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This is an advertisment for Vista on the Novell website. I especially like the line "Migrating to Vista? We can help you make the leap" alongside a picture of man in suit and tie plummeting to the earth off a tall building. Equally helpful was the ominous exhortation "Prepare now, Windows Vista is coming".
This document describes how to set up TrueCrypt 5.1a on Debian Etch (GNOME). Taken from the TrueCrypt page: "TrueCrypt is a software system for establishing and maintaining an on-the-fly-encrypted volume (data storage device). On-the-fly encryption means that data are automatically encrypted or decrypted right before they are loaded or saved, without any user intervention. No data stored on an encrypted volume can be read (decrypted) without using the correct password/keyfile(s) or correct encryption keys. Entire file system is encrypted (e.g., file names, folder names, contents of every file, free space, meta data, etc)."
Without an Internet connection, installing applications in Linux is a nightmare because of package dependencies. The aim of this guide is to help install applications in Ubuntu (should work with all apt based distribution with minimal modifications) when there is no Internet connection is available.
Are you looking for a free and open source music player that you can use no matter which operating system you boot or switch to during the day? Meet aTunes, a small competitor to both Amarok and Apple's iTunes. Its name sounds like a hybrid of the two, and it tries to have a unique combination of the best of both user experiences. aTunes is a Java-written, cross-platform music player. It supports a variety of common audio formats, including both open source and proprietary codecs, due to its MPlayer audio engine back end. Like many quickly evolving programs, it has a few issues, but the better outweighs the bitter.
On April 28, a California jury found Hans Reiser guilty of first-degree murder. There has been a lot of speculation in the press, both before and after the conviction, on what the loss of Mr. Reiser will mean for the Linux community. Much of that speculation, it seems, lacks an understanding of what Mr. Reiser's role in the community really was. Your editor will take no position on whether his conviction was correct or just. But there are things to be said about what this conviction will mean.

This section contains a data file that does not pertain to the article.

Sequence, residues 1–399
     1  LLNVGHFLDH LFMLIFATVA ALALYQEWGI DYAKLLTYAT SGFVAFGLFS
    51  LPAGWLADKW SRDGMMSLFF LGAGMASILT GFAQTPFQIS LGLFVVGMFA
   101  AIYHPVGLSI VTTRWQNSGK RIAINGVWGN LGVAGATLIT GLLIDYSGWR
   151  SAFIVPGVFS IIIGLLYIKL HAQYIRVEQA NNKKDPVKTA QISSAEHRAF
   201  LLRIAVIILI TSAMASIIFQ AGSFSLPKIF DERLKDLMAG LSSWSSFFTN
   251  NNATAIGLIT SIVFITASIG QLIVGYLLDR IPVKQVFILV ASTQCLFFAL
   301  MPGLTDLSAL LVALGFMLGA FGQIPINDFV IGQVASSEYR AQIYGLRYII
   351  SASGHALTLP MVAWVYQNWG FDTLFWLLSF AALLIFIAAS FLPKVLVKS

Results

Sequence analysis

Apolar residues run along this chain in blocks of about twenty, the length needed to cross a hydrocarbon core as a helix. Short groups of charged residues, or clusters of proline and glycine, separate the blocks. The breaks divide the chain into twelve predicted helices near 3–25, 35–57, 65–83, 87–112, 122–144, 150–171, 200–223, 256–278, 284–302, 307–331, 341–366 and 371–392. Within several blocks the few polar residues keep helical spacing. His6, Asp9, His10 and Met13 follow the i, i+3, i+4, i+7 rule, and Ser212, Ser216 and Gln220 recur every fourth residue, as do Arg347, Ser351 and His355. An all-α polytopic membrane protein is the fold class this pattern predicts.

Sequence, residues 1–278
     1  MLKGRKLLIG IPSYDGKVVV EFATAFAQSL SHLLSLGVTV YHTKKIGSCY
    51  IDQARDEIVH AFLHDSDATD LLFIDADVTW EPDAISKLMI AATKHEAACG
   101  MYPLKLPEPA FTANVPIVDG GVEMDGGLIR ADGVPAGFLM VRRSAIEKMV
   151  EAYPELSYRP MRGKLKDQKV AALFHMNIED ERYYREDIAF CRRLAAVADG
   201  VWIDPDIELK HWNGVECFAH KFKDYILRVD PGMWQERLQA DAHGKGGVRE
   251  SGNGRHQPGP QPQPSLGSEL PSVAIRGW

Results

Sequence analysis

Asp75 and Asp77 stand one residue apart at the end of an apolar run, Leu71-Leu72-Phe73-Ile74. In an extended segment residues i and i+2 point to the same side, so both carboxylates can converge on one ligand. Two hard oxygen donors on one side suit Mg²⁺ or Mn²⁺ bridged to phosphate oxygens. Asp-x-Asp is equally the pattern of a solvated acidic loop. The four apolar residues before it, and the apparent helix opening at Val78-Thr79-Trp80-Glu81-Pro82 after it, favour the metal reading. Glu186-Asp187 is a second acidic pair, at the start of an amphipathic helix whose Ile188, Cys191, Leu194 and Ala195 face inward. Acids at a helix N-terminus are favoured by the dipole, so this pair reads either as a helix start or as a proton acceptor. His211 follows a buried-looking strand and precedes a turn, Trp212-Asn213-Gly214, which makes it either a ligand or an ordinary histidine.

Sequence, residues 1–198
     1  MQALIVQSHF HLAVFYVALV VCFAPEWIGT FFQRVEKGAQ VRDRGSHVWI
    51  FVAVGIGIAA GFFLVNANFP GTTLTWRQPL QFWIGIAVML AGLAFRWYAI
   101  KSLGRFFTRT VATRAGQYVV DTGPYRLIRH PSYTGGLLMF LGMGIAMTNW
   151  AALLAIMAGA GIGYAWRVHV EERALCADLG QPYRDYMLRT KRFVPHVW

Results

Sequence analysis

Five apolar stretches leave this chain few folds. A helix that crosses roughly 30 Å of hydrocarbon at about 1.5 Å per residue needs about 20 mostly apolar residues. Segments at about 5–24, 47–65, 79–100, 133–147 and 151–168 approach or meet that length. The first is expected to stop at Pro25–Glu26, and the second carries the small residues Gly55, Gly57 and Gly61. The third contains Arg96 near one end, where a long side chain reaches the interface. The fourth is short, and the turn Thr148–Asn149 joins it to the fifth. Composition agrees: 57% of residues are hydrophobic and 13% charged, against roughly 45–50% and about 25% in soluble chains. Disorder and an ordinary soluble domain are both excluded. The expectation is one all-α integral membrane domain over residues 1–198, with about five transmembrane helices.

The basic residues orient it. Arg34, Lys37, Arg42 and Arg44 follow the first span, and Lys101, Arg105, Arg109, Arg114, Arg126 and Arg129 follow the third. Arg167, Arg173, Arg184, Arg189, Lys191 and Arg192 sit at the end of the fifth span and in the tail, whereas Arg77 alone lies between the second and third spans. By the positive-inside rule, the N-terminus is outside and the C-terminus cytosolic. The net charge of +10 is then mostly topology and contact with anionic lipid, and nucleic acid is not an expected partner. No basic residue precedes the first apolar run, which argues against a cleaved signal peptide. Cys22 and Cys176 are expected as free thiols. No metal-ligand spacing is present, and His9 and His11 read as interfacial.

Assuming you have managed to find a wireless card that is working well with your Linux distribution, or perhaps you just settled for a hack-n’-hope solution with NDISWrapper, you need to settle on an application that you can use to connect to your wireless network.
Take most people in the market for a new computer. Put them in places like Costco or Best Buy - what do you think they will end up with? A new Ubuntu box from Dell? Nope. A Mac? Not even close. In reality, it will likely be something from HP, and it will be clearly designed for the Vista release of Windows.
As long as there are choices in computing platforms, there will be those that claim that their OS is the best over all others. In this article, I will work to put my own preferences aside, examine my years of experience with past clients who have used all three major platforms and why each made the most sense for them.
page contains the first chunk of a piece of journalism by Patrick Smith; the actual body copy runs to approximately 950 words of text. The average word in English is 5.5 characters long; add 1 character for punctuation or whitespace and we would reasonably expect this file to be on the close order of 6.5Kb in size. But it's not.
[Not really FOSS related but I thought it might be of interest to our readers. - Scott]
Dear me. Just because I recently talked about Windows XP SP3's virtues and vices, some people seem to think I've turned away from my beloved Linux systems. Nope, I'm still a rock-solid Linux desktop user. In fact, I'm writing this tale on my #2 desktop, which runs openSUSE 10.3. But, just because I use Linux all the time-my current office's desktop offerings include the aforementioned openSUSE, Mint 4.0, Ubuntu 8.04, MEPIS 7.0, Freespire 2.03-doesn't mean that I don't run other desktop operating systems. I do. XP SP3 has the lead with three systems running it-two on virtual machines under Linux and one natively; two Macs running Tiger and Leopard; a copy of the newest OpenSolaris that I'm still tuning, and one system that I tolerate having Vista SP1 on.